The Past Week: Painful, But Nowhere Near The Same Week 10 Years Ago

by: The Fortune Teller


Indeed, the past week was a painful one for many investors.

However, it was nothing like what investors experienced on the very same week 10 years ago.

Putting things into the right perspective is not only important but also somehow encouraging.


Over the past month, we already looked twice and compared the current markets to the ones we witnessed 10 years ago.

First it was September 15th, 2018, marking the 10th anniversary of the Lehman bankruptcy. No doubt, a day to remember.

Then, we looked back on 9/19/2018, a day that brought a sigh of relief to the markets as a result of three major announcements:

  • Bush/Paulson outline TARP plan ("hundreds of billions").
  • Treasury plan to insure money market funds.
  • SEC bans short-selling in 799 financial stocks.

This is neither September 2008 nor a time that required such mega-size announcement. However, one can't ignore two notable similarities:

1. The past week was an unusual week for the markets and, interestingly, so was that very same week 10 years ago.

2. The White House announced that President Trump will meet with the Chinese leader Xi Jinping during the G-20 summit in Buenos Aires scheduled for the end of November.

In light of those similarities, we have decided to compare the two weeks, now (2018) and then (2008).

Big Loss for the Market

Global stocks (VTI, VEA, EFA) lost no less than $2.2T during Thursday's rout, bringing losses since January to almost $12T. That's an amount equal to the GDP of China (FXI, MCHI)!

Since there was no specific reason for the kind of move we've seen on Thursday, many are looking to blame those they can't hear, see or otherwise sense - algos and machines.

Some claim that those are the automated algos and machines we need to point our fingers at. They are set/tuned to buy (more on) the strength and sell (more on) the weakness, thus - whether like/meant it or not aggravating the moves we see.

Big Gains for Big Banks

Three of the largest US banks - JPMorgan Chase & Co (JPM), Citigroup, Inc. (C) and Wells Fargo & Co. (WFC) - reported better-than-expected earnings last Friday. Nonetheless, investors seemed unimpressed, especially until ~1:40pm.

Chart JPM Price data by YCharts

The three banks had two main themes in common during Q3/2018:

1. Fantastic results on the lending side that allow for further cuts in expenses for bad loans. Using JPMorgan CEO and Chairman Jamie Dimon's words, consumer lending since the financial crisis "has been pretty damn good".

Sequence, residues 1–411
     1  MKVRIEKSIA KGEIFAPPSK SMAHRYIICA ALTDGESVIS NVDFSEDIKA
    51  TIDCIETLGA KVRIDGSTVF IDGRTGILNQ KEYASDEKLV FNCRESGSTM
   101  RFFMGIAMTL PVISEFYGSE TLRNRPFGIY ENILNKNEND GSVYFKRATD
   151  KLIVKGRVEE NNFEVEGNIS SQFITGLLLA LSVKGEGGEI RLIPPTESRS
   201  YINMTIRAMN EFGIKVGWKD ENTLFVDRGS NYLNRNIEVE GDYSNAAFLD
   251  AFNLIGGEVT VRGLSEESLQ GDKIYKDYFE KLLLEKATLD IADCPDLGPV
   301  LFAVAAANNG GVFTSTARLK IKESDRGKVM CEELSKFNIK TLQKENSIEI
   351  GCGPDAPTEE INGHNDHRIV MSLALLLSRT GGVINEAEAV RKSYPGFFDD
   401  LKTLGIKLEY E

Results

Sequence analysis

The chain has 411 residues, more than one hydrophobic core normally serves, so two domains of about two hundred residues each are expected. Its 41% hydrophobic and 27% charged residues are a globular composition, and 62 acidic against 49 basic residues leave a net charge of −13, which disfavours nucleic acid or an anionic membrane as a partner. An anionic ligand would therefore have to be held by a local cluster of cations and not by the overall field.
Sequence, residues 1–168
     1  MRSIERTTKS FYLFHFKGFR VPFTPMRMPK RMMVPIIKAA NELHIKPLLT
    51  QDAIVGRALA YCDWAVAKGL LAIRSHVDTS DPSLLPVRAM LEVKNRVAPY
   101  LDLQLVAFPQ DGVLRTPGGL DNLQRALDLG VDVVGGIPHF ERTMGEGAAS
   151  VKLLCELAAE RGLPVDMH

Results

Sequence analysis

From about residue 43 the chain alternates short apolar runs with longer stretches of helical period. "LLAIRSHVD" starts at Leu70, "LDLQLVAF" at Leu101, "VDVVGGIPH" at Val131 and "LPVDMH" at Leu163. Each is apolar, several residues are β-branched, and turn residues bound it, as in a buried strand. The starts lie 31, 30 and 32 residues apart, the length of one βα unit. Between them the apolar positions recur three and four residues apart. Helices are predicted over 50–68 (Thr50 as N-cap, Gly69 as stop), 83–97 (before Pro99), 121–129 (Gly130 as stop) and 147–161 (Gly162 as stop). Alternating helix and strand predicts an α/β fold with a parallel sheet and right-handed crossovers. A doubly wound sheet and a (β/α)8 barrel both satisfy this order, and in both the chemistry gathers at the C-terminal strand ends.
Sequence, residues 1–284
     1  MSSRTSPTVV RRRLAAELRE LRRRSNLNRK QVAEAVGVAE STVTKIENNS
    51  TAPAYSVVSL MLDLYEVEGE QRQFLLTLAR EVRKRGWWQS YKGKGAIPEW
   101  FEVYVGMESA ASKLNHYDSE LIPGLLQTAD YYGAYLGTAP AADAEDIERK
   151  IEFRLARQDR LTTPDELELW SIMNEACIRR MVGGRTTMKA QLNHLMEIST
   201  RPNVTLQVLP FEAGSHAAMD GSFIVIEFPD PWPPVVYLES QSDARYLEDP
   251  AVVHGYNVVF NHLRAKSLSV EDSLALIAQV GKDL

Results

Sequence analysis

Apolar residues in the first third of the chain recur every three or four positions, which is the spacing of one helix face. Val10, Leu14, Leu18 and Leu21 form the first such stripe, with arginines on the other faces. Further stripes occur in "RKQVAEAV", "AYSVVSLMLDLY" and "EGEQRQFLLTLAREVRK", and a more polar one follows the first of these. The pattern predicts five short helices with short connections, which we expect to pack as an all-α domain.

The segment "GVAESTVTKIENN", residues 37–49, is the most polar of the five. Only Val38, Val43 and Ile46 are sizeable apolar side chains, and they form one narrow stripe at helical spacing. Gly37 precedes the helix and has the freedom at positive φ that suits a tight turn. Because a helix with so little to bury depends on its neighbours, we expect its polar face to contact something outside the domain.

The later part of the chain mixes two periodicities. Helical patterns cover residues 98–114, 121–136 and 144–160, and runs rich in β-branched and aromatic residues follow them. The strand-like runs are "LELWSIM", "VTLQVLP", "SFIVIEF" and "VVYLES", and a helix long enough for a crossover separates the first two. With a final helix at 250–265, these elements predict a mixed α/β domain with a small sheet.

2. Fantastic outcome out of Trump's tax cut initiative. After paying over 30%, on average, over the past three years, these banks are now seeing a tax burden of less than 25%.


On one hand, JPM missed on debt trading and sales. According to FINRA data, US junk bond (HYG, JNK, AWF) trading volumes fell ~18% Y/Y, while the less lucrative businesses of Treasury (SHV, SHY, IEF, TLT) and investment-grade ("IG") (LQD, AGG, BND) debt trading were up only marginally.

On the other hand, the bank also reported record net interest income, as revenue from customers' loan payments minus payments to depositors jumped to $13.9B.


On one hand, C posted a rare drop in revenues in its US consumer banking unit. A sign of something bad/worse brewing underneath?

Image result for citigroup posted a rare drop in revenues in its US consumer banking unit

On the other hand, the bank managed to translate the high volatility in credit markets to a high performance in its fixed-income trading.

Wells Fargo

WFC - the "weakest link", at least in recent years - managed to move the revenue needle from pointing down to a slight upward angle.

Small Gains for Small(er) Banks

Unlike the big banks and the Financial Select Sector SPDR ETF (XLF), the smaller regional banks continue to suffer even on Friday.

The SPDR S&P Regional Banking (KRE) lost nearly 2%, following the disappointing earnings of PNC Financial Services (PNC) that saw softer growth in both loans and deposits.

PNC - the first of large regional banks and one of the ETF's key components to report Q3/2018 results - closed at -5.6%, after being down as much as 7.5% earlier in the day.

Chart XLF Price data by YCharts

Other regional banks (KBE, IAT, KBWB, QABA, KBWR, DPST, WDRW, FTXO) lost KRE components falling - KeyCorp (KEY), SunTrust Banks (STI), Regions Financial (RF), CIT Group (CIT), and BB&T (BBT) lost between 1% and 3% of their value in tandem.